The Mutt in Me

photoWhen I was younger, I knew I was an avid animal lover.  My dream was to own a pet rescue facility and take care of animals that were rejected by owners or given up by those pressured by their circumstances.

Where Frisco is concerned, I’m an animal tolerator.

Frisco is our resident pooch, a Havanese belonging to my daughter’s family.  A little hair ball rather than a fur ball, so he doesn’t cause severe allergic responses.

He does, however, cause all other kinds of responses.

He’s a little alpha dog, marking, barking and generally charging around the house as if it’s his job.  His predisposition towards chewing has marked the demise of small stuffed animals and anything rubbery.  When anyone enters the house, his bark can be heard everywhere.  How does such a little dog have such a big voice?

I was walking him this morning, and he trotted ahead of me with all the bravado of the champ entering the ring.  No tree or bush or pole was left untouched–Frisco was persistent and thorough in his efforts to claim his territory.

And then we got to the main street.

Not only was there a lot of traffic.  There were also men mowing and edging on both sides of the sidewalk.  A little gauntlet of sound and machine.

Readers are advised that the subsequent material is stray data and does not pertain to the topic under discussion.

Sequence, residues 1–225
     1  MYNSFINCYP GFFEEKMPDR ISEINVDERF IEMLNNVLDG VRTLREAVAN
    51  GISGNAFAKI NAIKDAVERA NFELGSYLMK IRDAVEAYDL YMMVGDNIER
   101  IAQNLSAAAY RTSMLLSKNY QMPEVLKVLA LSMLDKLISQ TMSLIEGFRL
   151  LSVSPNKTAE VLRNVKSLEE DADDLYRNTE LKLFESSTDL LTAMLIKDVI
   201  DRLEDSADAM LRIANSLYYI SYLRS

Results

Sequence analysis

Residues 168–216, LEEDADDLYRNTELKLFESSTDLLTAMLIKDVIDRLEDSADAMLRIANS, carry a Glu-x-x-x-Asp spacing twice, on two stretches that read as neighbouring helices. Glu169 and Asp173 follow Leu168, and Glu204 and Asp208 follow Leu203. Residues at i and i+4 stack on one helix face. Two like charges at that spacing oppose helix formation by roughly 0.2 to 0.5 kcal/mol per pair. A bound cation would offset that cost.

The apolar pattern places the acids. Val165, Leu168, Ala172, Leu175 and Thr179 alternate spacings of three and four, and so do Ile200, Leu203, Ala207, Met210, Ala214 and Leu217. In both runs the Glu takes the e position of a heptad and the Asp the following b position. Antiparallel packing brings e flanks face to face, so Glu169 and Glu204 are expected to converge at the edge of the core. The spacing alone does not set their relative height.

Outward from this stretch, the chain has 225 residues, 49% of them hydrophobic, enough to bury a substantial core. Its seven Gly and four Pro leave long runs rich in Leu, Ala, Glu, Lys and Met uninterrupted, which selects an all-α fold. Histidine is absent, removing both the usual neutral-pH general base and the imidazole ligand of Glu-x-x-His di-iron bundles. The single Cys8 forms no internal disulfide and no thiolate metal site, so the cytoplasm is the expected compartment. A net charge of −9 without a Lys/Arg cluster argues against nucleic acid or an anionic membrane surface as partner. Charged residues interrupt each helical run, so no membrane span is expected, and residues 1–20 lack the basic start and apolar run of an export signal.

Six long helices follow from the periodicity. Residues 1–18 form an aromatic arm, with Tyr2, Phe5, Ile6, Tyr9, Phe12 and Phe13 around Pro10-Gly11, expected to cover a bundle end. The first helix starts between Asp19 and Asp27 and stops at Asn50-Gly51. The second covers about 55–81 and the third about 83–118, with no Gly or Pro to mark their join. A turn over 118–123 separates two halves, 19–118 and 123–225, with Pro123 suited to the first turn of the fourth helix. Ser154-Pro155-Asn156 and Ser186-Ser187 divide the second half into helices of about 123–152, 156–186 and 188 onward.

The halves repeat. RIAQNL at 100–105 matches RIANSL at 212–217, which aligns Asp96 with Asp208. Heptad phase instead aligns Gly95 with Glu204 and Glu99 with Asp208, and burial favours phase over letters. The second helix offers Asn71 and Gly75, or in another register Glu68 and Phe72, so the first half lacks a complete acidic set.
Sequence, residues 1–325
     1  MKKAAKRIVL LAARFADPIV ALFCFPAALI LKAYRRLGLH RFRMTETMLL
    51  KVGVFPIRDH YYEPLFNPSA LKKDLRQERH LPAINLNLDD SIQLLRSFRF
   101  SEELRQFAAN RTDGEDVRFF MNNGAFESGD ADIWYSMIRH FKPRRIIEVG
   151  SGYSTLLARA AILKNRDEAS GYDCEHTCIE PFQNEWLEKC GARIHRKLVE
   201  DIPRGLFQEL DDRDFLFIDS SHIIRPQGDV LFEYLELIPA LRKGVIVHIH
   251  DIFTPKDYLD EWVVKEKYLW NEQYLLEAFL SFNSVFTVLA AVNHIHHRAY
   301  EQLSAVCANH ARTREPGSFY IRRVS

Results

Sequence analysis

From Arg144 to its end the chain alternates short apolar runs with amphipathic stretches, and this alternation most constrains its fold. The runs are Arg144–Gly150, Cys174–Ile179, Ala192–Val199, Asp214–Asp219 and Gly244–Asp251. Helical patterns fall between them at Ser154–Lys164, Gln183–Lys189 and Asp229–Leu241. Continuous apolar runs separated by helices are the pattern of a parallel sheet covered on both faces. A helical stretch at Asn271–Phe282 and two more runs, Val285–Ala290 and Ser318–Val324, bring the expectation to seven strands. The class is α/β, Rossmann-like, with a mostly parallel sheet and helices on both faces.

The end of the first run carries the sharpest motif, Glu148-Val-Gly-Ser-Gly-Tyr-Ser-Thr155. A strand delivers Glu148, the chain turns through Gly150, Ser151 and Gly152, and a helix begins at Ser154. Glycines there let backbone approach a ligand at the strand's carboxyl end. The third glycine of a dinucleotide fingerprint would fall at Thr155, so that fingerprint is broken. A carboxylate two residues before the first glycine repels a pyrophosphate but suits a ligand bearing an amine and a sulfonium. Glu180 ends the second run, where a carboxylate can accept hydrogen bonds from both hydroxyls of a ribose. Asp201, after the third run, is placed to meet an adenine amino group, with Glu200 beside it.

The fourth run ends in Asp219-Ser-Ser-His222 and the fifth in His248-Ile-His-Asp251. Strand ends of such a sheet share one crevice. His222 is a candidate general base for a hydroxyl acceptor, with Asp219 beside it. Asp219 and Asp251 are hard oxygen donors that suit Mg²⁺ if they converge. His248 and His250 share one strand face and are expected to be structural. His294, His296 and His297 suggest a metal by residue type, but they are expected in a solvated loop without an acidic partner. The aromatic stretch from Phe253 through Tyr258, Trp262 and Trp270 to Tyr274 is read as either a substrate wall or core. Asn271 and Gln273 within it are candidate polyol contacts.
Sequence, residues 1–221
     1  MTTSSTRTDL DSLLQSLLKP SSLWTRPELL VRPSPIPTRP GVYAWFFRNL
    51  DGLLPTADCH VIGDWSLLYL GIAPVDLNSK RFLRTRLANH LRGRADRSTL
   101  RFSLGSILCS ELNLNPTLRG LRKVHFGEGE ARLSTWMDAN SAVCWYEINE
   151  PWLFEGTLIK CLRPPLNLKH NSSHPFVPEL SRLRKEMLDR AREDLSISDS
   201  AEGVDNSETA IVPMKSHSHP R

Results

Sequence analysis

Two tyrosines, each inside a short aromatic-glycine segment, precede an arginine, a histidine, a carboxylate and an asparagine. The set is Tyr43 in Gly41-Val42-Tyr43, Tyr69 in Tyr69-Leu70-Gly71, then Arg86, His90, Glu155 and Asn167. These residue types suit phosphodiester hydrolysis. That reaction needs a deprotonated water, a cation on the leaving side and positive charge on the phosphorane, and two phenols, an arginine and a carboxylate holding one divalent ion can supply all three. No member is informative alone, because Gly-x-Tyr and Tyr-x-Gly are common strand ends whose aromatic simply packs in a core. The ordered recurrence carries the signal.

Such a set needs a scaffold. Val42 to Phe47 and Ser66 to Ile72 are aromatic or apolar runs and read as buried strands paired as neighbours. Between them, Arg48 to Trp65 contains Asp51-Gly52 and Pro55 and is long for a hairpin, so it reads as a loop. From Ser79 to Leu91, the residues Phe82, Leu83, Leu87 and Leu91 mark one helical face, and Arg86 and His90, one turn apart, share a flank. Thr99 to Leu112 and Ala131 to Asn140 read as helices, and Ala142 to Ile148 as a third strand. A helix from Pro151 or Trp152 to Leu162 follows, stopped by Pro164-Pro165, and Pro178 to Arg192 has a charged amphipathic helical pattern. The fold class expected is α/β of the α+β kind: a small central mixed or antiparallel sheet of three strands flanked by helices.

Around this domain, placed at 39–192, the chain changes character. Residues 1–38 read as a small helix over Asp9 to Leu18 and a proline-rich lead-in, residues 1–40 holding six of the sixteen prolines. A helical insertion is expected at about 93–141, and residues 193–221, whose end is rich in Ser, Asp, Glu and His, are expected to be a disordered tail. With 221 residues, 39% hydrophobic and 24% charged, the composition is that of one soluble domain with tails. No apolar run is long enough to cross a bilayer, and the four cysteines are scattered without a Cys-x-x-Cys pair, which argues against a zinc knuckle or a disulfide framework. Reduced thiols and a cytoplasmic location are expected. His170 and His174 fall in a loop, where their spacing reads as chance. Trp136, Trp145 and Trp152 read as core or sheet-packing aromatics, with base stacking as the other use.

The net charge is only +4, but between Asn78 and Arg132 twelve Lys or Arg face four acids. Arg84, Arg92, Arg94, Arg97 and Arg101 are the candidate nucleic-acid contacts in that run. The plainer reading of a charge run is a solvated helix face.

Frisco froze.  The alpha oozed out of him as his ears perked up, his head jerked from side to side and he couldn’t decide which way to run.  The length of the leash limited him, but it didn’t reduce his frenetic actions.

I actually felt sorry for him.  For a moment.

And then I realized I was Frisco.  Not in marking my territory, mind you, but in the thinking that I’ve got my life figured out, that I can control what I will do and how I’ll do it.  And just by acting as if I was in control, I would be.

Control?  What a myth.  We all have our own little gauntlets to endure.

It’s a rude awakening to discover that you’re not all that.  To recognize that your limitations are indeed limiting.  Just as Frisco is limited by a leash that I hold (combined with his healthy fear of big cars), I’m limited by the sin that reigns me in, which keeps me from being the person I know God created me to be.  It’s not that I don’t have plans to be better–I desperately desire to be more than I am.  To be better than I am.

What I need to see is that it isn’t my sin that now defines me but the redemption that Christ accomplished on my behalf.  If I see myself limited by that leash of sin rather than being hopeful in the finished work of Christ, I will always be frustrated by what I can’t do.  I need to glory in belonging to Jesus, in what He has done–and completed.

And I can chew on that for quite awhile.

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